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The saying "first impressions are lasting ones," means your initial contact with a prospective employer needs to exude confidence. Once you're face to face or on the telephone with an interviewer, your ability to present yourself well and articulate your skills and qualifications can translate into assertiveness and help land you the job.
Choose a flattering interview ensemble that says you're a capable professional. If you're worried that your clothing choices aren't right, you're not likely to be confident about your appearance. In her article, "Lose the 'Frump Factor,' Win the Job," for The Ladders, Joyann King reminds job seekers that what they wear to an interview should be appropriate and stylish. "The right outfit can increase your confidence and make a lasting first impression," wrote King, a New York fashion writer, editor and stylist.
Stand Up When Greeting the Interviewer
Looking up at the interviewer from your seat in the reception area automatically puts you at a disadvantage because you're in the lower position. As the interviewer approaches you, stand up so you're her equal. Smile and welcome her greeting with a firm handshake, clearly state your name and tell her that it's a pleasure to meet her. Establishing equal footing from the moment you meet is critical to sustaining an assertive demeanor throughout the conversation. It's difficult to suddenly become assertive during the interview if you are meek from the start or if the interviewer is looking down on you -- literally.
Participate in the Conversation
Successful interviews are two-way conversations. They're as much about the recruiter or hiring manager determining whether you're a good fit for the role as it is you judging whether you want to pursue an opportunity with the company. Consequently, there's a give-and-take exchange that ensures you're both getting enough information to make a decision. Although many interviewers see themselves in charge of the interview, it's up to you to assert yourself in talking about your qualifications. Don't force the interviewer to probe for answers. Give complete responses to her questions. For example, if the interviewer asks, "What did you study in graduate school?" don't simply say, "I studied sociology." Answer her question, state the degree you earned and briefly explain why you chose that discipline.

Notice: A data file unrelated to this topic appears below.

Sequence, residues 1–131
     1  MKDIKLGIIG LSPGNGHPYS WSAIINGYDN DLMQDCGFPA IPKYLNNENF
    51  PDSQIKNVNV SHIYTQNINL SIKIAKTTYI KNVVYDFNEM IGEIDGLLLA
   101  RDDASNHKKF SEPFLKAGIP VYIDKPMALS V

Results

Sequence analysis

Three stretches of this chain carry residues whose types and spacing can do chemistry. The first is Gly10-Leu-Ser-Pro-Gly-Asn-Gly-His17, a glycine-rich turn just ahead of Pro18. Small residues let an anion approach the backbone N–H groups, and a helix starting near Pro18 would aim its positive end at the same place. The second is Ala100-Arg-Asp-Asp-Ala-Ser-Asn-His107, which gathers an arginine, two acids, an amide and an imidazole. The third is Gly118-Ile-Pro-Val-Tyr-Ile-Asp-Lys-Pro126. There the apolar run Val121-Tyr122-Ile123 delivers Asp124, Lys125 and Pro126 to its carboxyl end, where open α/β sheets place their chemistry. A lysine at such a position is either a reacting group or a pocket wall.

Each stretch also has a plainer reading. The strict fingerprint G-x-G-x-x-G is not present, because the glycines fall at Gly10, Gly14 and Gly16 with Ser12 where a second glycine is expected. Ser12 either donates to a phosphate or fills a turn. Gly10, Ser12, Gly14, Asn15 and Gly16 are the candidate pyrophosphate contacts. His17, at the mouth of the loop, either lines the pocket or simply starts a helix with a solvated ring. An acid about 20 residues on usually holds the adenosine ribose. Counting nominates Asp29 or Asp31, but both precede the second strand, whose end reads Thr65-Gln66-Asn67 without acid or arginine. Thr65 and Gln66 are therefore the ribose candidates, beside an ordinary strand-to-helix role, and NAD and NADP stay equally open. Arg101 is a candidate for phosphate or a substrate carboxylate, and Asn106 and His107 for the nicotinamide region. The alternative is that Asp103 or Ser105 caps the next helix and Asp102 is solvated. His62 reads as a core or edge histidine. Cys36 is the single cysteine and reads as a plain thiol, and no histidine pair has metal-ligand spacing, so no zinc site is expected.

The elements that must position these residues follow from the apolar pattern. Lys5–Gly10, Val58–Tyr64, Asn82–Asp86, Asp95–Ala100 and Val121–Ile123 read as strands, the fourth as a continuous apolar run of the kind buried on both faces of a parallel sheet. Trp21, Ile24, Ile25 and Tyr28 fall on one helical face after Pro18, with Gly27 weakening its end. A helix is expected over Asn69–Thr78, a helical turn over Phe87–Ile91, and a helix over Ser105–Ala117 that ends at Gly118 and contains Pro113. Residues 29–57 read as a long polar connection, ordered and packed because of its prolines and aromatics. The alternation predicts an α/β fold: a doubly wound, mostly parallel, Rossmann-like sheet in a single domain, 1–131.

Tell the Interviewer What You Know
Job seekers often focus on proving they researched the company by sharing tidbits of news they've read online or seen in the news. "That's great if you intend to play company trivia, but if you can connect what you know about the company to what you know about your field, that's even better," says Margaret Fisher. Fisher is a leadership coach and president of Fisher Group Solutions, a Washington, D.C.-based consulting firm that trains employers on workforce challenges. "If you can speak to the organizational culture in a way that places you in a critical role -- one where you bring valuable skills to the organization -- then you're positioning yourself to be a top candidate," she says. When you articulate how your qualifications match what the hiring manager seeks in an employee, that's an assertive approach that lets the interviewer know you want the job.
Unless your parenting skills directly correlate to the job for which you're interviewing, leave your motherhood role at home. This in no way suggests you should demonstrate characteristics that many typically attribute to men. It means you need to resist all temptation to share anecdotes about your children or draw parallels between your roles as a mother and prospective employee. Given the socialization differences between men and women, you might appear less confident and assertive if you position yourself in any other role than a professional.